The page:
Not surprisingly, artwork and beautiful vistas can enhance the patient experience and have positive outcomes on patient and staff well-being and care. The new MUSC Shawn Jenkins Children’s Hospital and Pearl Tourville Women’s Pavilion, opening in October 2019, will not disappoint, offering patients, their families and staff both spectacular views of the Lowcountry as well as artwork from a number of local and regional artists.
The new children’s hospital and women’s pavilion, with 11 floors, is situated on the banks of the Ashley River, providing pediatric patients and expectant mothers some of the most stunning views of the greater Charleston area. Many patient rooms will overlook the Ashley and Cooper rivers.
In addition to the spectacular setting, a dedicated group of volunteers and staff has been working for two years to define the scope of the interior decor that would befit each of the 11 floors and select the art and artists whose work will appear throughout the facility. The project was developed and guided by Carolyn BaRoss and Aiko Tanabe, interior designers with Perkins & Will. Locally, the program was coordinated by hospital art curators Roberta Sokolitz and Brittany Bates. Also, the hospital’s Youth Patient Advisory Council, a group of teenage patients, weighed in, giving a thumb’s up to selections made.
Each floor will tell a story through its art that reflects on the Lowcountry. Arriving at the children’s hospital, patients and visitors will see welcoming art, fun and creative murals and many images that will ignite smiles on some and for others provide a sense of peace and serenity.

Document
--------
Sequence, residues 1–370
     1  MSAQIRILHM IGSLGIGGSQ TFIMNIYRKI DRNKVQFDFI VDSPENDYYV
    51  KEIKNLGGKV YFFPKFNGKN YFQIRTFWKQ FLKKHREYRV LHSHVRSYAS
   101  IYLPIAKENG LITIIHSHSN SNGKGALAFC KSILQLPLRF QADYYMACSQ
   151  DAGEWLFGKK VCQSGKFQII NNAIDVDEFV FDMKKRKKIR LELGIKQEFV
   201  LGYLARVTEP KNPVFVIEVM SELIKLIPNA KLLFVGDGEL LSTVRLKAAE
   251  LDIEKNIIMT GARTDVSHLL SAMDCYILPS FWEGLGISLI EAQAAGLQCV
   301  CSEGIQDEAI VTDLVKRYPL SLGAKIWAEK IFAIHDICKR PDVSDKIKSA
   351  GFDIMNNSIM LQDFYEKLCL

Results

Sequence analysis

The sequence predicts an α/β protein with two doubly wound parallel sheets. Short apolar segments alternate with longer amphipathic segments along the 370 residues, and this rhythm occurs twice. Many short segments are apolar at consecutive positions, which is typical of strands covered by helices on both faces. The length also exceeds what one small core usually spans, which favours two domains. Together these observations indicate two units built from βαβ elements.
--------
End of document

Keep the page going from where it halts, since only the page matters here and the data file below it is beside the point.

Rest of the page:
Once they enter the public lobby on the main floor, they will see a massive and breathtaking image of the Lowcountry created by Charleston’s own John Duckworth. The dramatic feature measures 60 feet wide by 10 feet tall and runs along the main lobby floor wall to the stairway. A second piece will be found on the stairwell of the ground floor.
MUSC chief of the Children’s and Women’s Health Mark A. Scheurer, M.D., said, “Duckworth was the ideal artist to fill this important area. One of the most dramatic features in the hospital, his landscape abstract captures the essence of the Lowcountry while providing a tranquil, yet serene and calming influence to welcome individuals into the children’s hospital.”
Duckworth’s website might best describe his work. “Duckworth’s works transcend the line between realism and abstraction. His photographs are infused with an intimate knowledge of nature, a passion for pure color, and a rhythm drawn from life itself. His trademark style involves abstracting the photographic image to lend the work a much lauded painterly appearance. By providing the viewer a sense of place, yet obscuring the details, he allows each individual to step into the image and bring forth their own visual history.”
An interactive kayak sculpture, located in front of the Duckworth piece, will be especially fun for younger visitors, with seating built just for them. At the same time, the sculpture also reminds others about the importance of the water that fills the nearby ocean, rivers and marshes.
Committee member and volunteer family advisor Kelly Loyd said, “We’ve been challenged to find art that appeals to the broad patient base from very young children to teens who will be patients at the children’s hospital to expectant mothers who will give birth in the new Pearl Tourville Women’s Pavilion,” she said.
Artist Kristen Solecki is well known throughout Charleston for her illustrations and work that transcends a diverse range of ages and tastes. Her illustrations will appear as part of the wall protection in the patient care areas and capture the child friendly themes that will warm the hearts of patients and visitors alike.